Caribbean Adapting Mosaic Scenario, 1st Draft

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Transcript Caribbean Adapting Mosaic Scenario, 1st Draft

Global Environmental Change and
Food Systems (GECAFS)
Scenario Brief: Draft
Adapting Mosaic
Sharon Hutchinson
Natural Resource Economist
Department of Agricultural Economics and Extension
Faculty of Science and Agriculture
The University of the West Indies
23 November 2005, Port-of-Spain, Trinidad
Scenario Summary (J’ca)
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Focus on harnessing local skills to improve the quality of local
ecosystems.
Primary management approach will be national (not regional)
Focus on: The Caribbean Sea; forests; demand for energy; demand
for freshwater and coastal zone management.
Development of the CSME fully by 2015.
Community level activism increases.
Increased demand for natural resources, and rising oil prices. Also
growing movement toward developing ecotourism as a viable
economic activity.
Agricultural systems increase in productivity.
Regional agro-environmental policies are formed.
By 2050, sustainability increases and the food system will be more
resilient.
Key Global & Regional Changes
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Reduction in freshwater quantity
Decline in freshwater quality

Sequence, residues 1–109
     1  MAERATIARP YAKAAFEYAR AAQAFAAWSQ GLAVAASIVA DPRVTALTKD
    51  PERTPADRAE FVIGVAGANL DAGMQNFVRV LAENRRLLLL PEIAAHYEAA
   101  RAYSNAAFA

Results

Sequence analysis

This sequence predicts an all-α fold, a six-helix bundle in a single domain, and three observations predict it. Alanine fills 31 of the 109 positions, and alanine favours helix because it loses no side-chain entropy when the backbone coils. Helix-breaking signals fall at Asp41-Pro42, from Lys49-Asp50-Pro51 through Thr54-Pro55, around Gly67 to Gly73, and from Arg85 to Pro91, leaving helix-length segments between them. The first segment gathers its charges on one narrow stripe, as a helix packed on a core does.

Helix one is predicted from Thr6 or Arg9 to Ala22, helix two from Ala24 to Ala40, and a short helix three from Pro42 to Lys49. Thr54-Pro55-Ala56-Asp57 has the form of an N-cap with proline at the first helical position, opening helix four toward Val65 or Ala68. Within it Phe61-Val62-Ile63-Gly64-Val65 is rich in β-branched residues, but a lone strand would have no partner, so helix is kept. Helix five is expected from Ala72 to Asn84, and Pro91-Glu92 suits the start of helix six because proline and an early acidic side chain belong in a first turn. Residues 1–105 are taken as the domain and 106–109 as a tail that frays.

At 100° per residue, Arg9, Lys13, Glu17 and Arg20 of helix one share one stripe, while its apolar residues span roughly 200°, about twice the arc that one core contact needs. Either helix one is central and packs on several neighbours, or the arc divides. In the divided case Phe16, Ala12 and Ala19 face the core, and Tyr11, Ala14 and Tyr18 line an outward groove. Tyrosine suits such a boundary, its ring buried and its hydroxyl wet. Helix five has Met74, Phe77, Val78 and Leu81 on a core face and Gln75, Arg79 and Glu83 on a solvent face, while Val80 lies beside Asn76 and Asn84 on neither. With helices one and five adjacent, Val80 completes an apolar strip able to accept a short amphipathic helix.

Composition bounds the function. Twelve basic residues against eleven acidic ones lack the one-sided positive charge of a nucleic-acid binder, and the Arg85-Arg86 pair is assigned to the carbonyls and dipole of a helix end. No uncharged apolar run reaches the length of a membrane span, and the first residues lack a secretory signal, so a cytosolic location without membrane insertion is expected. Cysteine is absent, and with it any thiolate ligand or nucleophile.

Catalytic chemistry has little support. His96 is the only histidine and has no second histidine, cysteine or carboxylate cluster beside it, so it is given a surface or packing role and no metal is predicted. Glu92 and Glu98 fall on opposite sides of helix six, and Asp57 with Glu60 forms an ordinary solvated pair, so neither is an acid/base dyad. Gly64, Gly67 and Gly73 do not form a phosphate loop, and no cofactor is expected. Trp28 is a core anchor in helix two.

Reduction in sufficient access to food
Significant rise in temperature
Low growth in per capita GDP
Impact on Caribbean Food Systems
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Food availability
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Production: will fall due to a decline in water
quality and quantity
Distribution: will fall. Some markets will not get
some commodities for sale
Exchange: unchanged.
Impact on Caribbean Food Systems
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Food access
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Affordability: will fall due to increases in food
prices. A rise in agricultural productivity does not
outweigh the negative effects of an increase in
global temperature.
Allocation: will fall due to a rise in inequity. Food
consumption patterns changes to cheaper (and
probably less healthy) foods.
Preference: mixed effects. Changes over time
based on new consumption patterns.
Impact on Caribbean Food Systems
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Food utilization
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Nutritional value: will fall.
Social value: unchanged.
Food safety: unchanged.
Impact on Caribbean Food Systems
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Increased competition for land seen throughout the
Caribbean today, especially from tourism and
housing, will boost the local price for land (which will
push food prices up)
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Trade liberalization will increase competition from
cheaper and cheaper imported food.
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National level management of the fish stock of
fisheries will lead to suboptimal decisions which
further hasten the decline in regional seafood
availability and over time, to the collapse of these
fisheries.
Thank you!
Global Environmental Change and Food
Systems (GECAFS)
Scenario Brief: Draft
Adapting Mosaic
Sharon Hutchinson
Natural Resource Economist
Department of Agricultural Economics and Extension
Faculty of Science and Agriculture
The University of the West Indies
23 November 2005